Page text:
• The Nobel Prize in Chemistry will be awarded on Wednesday by the Royal Swedish Academy of Sciences in Stockholm. Last year, Carolyn R. Bertozzi, Morten Meldal and K. Barry Sharpless shared the prize for work on click chemistry.

  • The Nobel Prize in Literature will be awarded on Thursday by the Swedish Academy in Stockholm. Last year, Annie Ernaux was given the prize for work that dissected the most humiliating, private and scandalous moments from her past with almost clinical precision.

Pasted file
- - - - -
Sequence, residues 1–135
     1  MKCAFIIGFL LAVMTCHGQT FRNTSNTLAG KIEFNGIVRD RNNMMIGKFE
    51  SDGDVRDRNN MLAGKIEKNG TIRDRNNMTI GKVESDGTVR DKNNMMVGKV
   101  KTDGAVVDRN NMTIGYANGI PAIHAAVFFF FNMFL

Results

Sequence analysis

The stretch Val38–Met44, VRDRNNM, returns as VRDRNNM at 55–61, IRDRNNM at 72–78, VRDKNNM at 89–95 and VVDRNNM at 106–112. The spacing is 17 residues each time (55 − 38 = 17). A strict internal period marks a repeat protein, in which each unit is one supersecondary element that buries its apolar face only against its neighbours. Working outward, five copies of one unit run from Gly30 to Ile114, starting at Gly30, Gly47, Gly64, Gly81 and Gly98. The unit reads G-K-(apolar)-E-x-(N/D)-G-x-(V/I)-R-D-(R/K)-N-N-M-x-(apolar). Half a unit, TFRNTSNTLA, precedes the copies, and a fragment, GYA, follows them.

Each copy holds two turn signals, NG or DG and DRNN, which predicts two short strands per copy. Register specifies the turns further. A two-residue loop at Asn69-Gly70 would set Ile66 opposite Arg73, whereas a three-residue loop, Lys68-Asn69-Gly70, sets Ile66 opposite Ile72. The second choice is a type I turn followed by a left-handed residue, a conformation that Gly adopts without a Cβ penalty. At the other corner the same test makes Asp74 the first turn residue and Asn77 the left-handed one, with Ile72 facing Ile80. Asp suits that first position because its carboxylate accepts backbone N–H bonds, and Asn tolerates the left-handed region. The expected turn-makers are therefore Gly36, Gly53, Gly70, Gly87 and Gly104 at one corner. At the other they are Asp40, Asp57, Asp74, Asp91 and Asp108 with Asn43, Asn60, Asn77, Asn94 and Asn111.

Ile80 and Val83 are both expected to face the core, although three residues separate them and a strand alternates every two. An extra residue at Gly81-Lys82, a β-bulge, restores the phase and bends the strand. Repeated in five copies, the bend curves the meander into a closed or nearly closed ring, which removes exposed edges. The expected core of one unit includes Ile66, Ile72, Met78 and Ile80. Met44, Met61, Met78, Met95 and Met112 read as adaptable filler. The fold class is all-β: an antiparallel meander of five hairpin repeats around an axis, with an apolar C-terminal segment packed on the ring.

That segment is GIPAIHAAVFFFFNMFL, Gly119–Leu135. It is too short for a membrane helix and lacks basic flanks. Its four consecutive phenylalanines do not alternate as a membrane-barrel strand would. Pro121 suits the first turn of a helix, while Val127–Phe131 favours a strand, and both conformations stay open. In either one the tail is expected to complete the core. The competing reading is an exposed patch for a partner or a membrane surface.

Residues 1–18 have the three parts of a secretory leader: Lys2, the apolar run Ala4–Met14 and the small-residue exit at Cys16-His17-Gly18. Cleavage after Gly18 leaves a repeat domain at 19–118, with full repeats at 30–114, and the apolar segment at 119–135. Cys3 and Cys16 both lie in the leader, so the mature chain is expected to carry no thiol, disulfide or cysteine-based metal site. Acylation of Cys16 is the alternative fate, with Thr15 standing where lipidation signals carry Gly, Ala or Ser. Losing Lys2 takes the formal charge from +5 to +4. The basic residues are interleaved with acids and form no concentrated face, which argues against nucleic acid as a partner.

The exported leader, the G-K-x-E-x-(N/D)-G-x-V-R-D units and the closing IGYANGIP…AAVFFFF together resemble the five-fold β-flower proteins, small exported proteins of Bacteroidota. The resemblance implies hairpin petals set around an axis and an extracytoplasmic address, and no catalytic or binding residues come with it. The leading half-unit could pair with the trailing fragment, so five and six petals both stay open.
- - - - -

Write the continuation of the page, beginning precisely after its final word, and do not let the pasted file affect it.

• The Nobel Peace Prize will be awarded on Friday by the Norwegian Nobel Institute in Oslo. Last year, the prize was shared by Memorial, a Russian organization; the Center for Civil Liberties in Ukraine; and Ales Bialiatski, a jailed Belarusian activist.

  • Next week, the Nobel Memorial Prize in Economic Sciences will be awarded on Monday by the Royal Swedish Academy of Sciences in Stockholm. Last year, Ben S. Bernanke, Douglas W. Diamond and Philip H. Dybvig shared the prize for work that helped to reshape how the world understands the relationship between banks and financial crises.

All of the prize announcements will also be streamed live by the Nobel Prize organization.